Poem "Topolia - the poplar" (T. Shevchenko, translated by Florence Randal Livesay)

Topolia - the poplar

("Po dibrovi viter vyje")

The wind blows through the oaks in the wood,
It dances through the fields.
Beside the high-road it uproots Topolia,
And fells her to the ground.

Why has she a slim, tall trunk?
Why are her broad leaves green?
The field around is blue,
And wide as the sea. . . .
When the Tchumak passes
He looks and bows his head.

Tchabàn, the shepherd, in the dawn,
His pipe plays on the hill;
He looks around.
Sorrow is in his heart–no shrub is near–
Only a poplar lone,
Lone as an orphan stands,
Fades in an alien land.

Who nurtured this slender and yielding body
To languish on the steppes?
Wait, maidens, I will tell ye!

With a Cossack
A maiden fell in love,
Loved him, but held him not.
He departed and perished.

If she had known
That he would leave her
She would not have loved him:

If she had known
That he would die
She would not have let him go:

If she had known,
She would not have gone for water late at even,
She would not have lingered
With her sweetheart
Under the willow tree
If she had known! . . .

But it is dangerous
To know the future–
What misfortune will meet us,
Maidens, seek not to know,
Ask not of your fate.
The heart knows whom to love.
Let it wither, little by little,
Until it is buried,
Not for long are the bright eyes
Of the black-browed girl.

Girls, O Girls!
Not for long the rosy cheeks!
Only till noon–
Then they will fade, will shrivel,
The black brows will grow pale. . . .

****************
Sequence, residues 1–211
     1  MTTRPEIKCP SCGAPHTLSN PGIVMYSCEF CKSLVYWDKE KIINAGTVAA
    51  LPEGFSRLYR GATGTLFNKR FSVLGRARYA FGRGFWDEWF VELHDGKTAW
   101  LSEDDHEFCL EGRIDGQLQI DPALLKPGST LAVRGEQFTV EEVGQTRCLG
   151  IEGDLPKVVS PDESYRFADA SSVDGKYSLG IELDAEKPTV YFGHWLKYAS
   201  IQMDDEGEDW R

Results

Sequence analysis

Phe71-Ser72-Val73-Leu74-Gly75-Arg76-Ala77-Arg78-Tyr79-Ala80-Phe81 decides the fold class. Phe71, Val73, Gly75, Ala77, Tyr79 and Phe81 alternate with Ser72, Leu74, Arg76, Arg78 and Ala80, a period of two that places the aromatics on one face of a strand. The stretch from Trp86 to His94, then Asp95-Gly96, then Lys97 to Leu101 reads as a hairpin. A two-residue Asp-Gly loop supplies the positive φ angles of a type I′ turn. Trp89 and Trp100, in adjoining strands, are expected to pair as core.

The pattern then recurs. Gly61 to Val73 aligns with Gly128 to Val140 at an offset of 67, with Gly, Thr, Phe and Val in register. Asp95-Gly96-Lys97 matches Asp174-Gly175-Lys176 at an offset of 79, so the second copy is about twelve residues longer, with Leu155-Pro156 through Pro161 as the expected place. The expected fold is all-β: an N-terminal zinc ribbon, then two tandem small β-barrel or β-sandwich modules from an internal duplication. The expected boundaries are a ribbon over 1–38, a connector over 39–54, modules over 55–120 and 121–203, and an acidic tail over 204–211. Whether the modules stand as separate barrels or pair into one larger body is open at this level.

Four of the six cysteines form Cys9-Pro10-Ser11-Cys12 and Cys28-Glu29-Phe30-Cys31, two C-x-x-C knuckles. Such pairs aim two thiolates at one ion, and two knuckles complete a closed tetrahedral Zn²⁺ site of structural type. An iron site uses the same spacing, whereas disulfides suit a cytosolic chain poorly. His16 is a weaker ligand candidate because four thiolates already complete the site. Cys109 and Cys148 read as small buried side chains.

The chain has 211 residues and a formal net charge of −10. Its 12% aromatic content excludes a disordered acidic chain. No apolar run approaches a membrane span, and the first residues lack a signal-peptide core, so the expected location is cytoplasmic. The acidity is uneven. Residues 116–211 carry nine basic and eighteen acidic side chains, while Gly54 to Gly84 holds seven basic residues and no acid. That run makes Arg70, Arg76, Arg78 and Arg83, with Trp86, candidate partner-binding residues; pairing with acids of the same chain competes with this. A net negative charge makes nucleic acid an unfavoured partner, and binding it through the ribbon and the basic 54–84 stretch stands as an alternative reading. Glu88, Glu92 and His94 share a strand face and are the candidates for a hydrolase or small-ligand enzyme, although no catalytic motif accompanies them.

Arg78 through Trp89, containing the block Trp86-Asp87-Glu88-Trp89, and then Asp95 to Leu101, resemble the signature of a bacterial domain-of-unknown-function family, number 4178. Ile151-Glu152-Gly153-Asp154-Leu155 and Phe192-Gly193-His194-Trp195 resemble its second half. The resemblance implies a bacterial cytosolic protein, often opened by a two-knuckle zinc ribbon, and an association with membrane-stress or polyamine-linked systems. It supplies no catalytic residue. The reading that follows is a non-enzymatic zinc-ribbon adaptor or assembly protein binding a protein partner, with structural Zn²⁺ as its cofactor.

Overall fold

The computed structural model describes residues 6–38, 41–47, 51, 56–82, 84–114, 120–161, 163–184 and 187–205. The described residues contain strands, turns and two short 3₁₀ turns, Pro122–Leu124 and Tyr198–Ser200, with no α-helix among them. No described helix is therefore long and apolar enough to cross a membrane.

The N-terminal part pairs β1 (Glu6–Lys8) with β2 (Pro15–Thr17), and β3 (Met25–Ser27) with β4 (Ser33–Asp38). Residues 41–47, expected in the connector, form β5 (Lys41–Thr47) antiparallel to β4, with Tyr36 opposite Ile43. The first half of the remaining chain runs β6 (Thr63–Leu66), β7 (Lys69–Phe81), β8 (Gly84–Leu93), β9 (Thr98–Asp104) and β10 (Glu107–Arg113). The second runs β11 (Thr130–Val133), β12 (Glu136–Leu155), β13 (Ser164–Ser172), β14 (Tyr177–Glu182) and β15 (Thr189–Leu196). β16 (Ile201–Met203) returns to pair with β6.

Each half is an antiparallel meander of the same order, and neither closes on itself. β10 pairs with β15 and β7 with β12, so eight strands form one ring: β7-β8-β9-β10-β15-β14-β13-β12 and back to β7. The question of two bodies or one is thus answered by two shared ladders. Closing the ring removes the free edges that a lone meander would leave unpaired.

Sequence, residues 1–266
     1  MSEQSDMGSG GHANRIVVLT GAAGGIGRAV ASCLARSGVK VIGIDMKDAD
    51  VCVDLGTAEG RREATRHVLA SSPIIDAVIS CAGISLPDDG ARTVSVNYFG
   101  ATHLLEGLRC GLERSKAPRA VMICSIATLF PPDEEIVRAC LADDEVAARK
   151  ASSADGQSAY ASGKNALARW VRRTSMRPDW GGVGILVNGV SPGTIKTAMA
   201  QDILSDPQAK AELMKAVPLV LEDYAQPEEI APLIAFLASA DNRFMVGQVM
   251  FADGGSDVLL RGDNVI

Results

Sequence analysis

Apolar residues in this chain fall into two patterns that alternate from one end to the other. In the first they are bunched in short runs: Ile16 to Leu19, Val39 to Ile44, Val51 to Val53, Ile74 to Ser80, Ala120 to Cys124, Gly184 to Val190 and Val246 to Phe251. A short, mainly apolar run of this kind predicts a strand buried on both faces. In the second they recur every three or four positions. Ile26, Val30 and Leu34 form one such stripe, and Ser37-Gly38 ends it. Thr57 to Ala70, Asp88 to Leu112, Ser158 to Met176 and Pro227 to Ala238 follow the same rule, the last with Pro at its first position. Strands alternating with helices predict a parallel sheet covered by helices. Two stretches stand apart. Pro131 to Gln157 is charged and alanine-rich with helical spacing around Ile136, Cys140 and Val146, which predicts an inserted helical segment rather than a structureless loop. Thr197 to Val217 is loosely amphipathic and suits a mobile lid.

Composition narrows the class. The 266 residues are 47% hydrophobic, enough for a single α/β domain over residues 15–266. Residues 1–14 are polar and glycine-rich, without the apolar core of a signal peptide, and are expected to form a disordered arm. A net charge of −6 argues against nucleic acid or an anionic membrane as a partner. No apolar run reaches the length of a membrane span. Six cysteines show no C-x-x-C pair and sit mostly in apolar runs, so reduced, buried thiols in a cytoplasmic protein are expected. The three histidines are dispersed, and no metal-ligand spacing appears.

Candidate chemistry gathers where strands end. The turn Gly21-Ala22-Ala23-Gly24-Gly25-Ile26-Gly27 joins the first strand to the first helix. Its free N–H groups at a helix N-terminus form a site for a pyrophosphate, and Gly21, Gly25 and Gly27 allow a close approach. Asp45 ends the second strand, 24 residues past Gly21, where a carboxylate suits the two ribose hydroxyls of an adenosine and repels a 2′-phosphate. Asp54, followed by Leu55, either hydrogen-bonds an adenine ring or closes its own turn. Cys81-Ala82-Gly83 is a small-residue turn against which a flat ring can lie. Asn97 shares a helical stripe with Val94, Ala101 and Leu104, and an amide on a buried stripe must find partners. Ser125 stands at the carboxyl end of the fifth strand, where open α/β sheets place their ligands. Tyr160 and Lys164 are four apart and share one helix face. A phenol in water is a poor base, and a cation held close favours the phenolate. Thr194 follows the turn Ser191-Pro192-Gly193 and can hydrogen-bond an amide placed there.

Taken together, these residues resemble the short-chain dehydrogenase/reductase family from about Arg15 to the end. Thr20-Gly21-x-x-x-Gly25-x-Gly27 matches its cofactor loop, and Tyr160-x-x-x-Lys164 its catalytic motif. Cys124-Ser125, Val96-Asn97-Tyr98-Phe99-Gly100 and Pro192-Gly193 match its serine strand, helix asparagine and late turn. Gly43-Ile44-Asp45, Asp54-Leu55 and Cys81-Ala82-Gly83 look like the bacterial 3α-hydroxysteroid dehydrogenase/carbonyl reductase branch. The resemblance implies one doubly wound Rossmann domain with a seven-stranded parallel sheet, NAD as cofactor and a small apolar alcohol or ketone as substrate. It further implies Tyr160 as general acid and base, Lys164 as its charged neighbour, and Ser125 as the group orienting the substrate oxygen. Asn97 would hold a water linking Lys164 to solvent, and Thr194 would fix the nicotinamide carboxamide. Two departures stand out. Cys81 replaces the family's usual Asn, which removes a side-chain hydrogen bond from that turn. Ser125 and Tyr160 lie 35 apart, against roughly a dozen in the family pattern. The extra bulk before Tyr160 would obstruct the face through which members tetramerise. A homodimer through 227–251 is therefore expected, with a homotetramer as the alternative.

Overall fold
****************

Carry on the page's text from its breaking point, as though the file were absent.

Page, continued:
Girls! Love ye or like as your heart says.

The nightingale is trilling
In the wood, on the cranberry.
Walking in the meadow
The Cossack sings–

He sings until Tchornobriva *
Comes out of the hut,
And he asks her:
"Did your mother hurt you?"
Close together they stand, they embrace,
The nightingale sings,
And, hearing it, they depart,
Joyful at heart.
Nobody sees them, none will ask her,
"Where wast thou, what didst thou do?"
She herself knows. She loved,
But her heart was sad with foreboding,
All unspoken, untold. . . .
Day and night she called,
Cooing like a mournful dove,
But no one heard.

The nightingale does not sing
In the wood over the water:
The black-browed girl sang of old
Under a willow tree–
Now she does not sing.
As an orphan, she hates the white world.
Without her sweetheart,
Like an alien, her mother,
Like a stranger, her father.
Without her sweetheart
The sun shines
As an enemy loves.
Without her lover
All is–a grave.
And her heart beats on.
One year passed, and another,
The Cossack did not return.

. . . . .

"I will not marry him, Mother!
I do not wish to 'live like a lady,'
Lower me in a grave with those Towels!**
Better to lie in a coffin than to see his face."

. . . . .

"O fortune-teller, how long will I live in this world
Without my sweetheart?
My Heart, Nenka, tell me the truth,
Is my lover alive and in health?
Does he love me,
Or forget and abandon me?
Tell me, where is my lover?
Art thou ready to fly to the end of the world,
Tell, if thou knowest,
For my Mother marries me to an old, rich man. . . .
But, O Grey One,
Never will my heart cease loving that other!